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My publisher is having a massive ebook sale on historical fiction this weekend! (Both Bella Books publications and ones they distribute.) And all three Alpennia books are included!

Pick up some great reads for only $4.99 each.

So the question all my regular readers are wondering about (let’s pretend for a moment, ok?) is whether my month of “book release re-boot” blogging has, in fact, had an effect on sales of Mother of Souls. The simple fact is that I have no idea. (Please note: it may seem in this post as if I'm obsessing over numbers. And some may feel compelled to suggest to me that this only leads to despair. Obsessing over numbers is how I make a living in my day-job. Crunching data is one of my primary self-soothing mechanisms. Analyzing data makes me happy. Please don't harsh my mellow.)

One of the things that struck me when I was reading through lists of November 2016 books was the number written by obviously prolific authors (based on series number) that somehow never get mentioned in the SFF blogs, or featured on SFF podcasts, or discussed in the social media spaces where I hang out. It makes me feel...well, not any less hungry for my work to be talked about, but at least a little bit less alone.

One of the most exciting developments in the speculative fiction field is the growing visibility and recognition of stories rooted deeply in cultures other than the default western European/American ones. I don't say "growing presence" because it is only the wider recognition that is new. Karen Lord has assembled this anthology New Worlds, Old Ways: Speculative Tales from the Caribbean to showcase some of the excellent SFF being produced in her home region.

We're back to the last couple of November releases that I'm including in this blog series. Rachel Neumeier's The Mountain of Kept Memory takes us to a fantastic secondary world where the gods take seriously their responsibility to protect--or their right to abandon--the realms they watch over.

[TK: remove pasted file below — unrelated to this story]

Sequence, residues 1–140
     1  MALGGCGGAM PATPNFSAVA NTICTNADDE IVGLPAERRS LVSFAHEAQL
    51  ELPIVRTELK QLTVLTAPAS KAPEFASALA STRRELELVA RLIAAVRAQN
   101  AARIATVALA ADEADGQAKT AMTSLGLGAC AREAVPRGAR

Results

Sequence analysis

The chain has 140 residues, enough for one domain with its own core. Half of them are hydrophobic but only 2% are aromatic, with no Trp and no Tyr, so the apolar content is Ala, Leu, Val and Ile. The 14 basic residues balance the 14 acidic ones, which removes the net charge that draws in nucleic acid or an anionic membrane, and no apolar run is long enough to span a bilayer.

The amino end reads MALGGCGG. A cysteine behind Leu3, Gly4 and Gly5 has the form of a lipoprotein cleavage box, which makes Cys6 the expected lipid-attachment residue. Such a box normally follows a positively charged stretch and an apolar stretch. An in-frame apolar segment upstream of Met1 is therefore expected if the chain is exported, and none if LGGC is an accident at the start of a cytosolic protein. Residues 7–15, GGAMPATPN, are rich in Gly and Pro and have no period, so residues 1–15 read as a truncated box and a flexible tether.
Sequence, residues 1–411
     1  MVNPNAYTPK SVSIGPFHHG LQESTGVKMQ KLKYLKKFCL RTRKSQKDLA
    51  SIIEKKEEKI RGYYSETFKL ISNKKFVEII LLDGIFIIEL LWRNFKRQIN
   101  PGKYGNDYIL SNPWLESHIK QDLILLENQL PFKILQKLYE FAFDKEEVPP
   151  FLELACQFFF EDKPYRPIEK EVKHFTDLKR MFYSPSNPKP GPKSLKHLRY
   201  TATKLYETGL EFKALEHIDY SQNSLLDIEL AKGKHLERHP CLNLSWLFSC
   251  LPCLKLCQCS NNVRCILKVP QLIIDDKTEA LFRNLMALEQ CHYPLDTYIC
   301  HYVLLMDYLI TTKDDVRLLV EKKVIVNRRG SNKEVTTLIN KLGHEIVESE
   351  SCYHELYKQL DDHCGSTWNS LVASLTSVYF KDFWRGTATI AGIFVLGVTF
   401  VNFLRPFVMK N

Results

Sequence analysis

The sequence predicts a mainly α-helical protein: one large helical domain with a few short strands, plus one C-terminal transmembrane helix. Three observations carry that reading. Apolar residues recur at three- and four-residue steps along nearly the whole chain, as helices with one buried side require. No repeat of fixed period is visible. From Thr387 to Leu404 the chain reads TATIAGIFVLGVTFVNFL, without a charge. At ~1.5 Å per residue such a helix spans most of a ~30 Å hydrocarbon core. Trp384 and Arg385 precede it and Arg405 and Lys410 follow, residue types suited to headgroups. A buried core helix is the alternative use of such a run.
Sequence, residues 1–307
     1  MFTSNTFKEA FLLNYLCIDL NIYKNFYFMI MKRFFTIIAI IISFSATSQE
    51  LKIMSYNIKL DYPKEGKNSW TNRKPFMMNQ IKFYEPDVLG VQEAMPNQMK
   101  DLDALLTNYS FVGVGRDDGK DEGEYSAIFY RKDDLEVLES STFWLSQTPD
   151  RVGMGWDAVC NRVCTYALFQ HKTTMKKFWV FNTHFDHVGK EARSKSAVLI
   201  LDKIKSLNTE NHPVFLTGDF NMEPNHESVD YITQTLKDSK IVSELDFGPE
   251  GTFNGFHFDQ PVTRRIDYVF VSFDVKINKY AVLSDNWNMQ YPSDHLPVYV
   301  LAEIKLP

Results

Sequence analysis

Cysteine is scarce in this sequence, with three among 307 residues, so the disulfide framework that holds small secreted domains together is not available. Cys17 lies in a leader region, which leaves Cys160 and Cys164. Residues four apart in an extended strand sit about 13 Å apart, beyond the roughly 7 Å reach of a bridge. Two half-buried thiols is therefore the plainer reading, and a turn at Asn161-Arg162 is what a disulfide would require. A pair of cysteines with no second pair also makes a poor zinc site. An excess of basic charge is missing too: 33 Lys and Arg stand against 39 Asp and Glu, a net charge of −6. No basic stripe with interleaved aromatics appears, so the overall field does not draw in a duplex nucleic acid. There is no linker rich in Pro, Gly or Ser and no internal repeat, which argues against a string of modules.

I'm including a few Bella Books releases from October because a couple of my fellow Bella authors asked me to. And guess what? Bella Books is having a weekend sale! 17% off all orders over $17. In A Woman of Strong Purpose, S. M. Harding has written a heart-pounding sequel to her romantic thriller I Will Meet You There.

I'm including a few Bella Books releases from October because a couple of my fellow Bella authors asked me to. And guess what? Bella Books is having a weekend sale! 17% off all orders over $17Vortex of Crimson is the final book in Lise MacTague's Deception's Edge SF romance trilogy.

I made a few teensy exceptions to my rules that books for this promotion had to be November releases. One friend had a re-release, one November release was short fiction that I used to bump mention of the related book, and when I mentioned the project on the Bella Books facebook group, a couple of my fellow Bella authors with October releases asked it I could include them too--which I did when I found I had some space open at the end of the month.

I confess to an occasional bewilderment at the sub-genre of "shifter" fantasy that seems to have sprung up almost overnight. (Ok, ok, I'm showing my age, right? But I swear, it wasn't there the last time I turned around.) Cathy Clamp's Illicit uses shapeshifter communities to explore motifs of social conflict and hidden identities.

This book really needs to go on my To Be Read list! Gail Garriger has several intertwined paranormal/steampunky series. Romancing the Inventor tosses in a lesbian romance as well as a mad scientist. Oh, and vampires. Mustn't forget the vampires.

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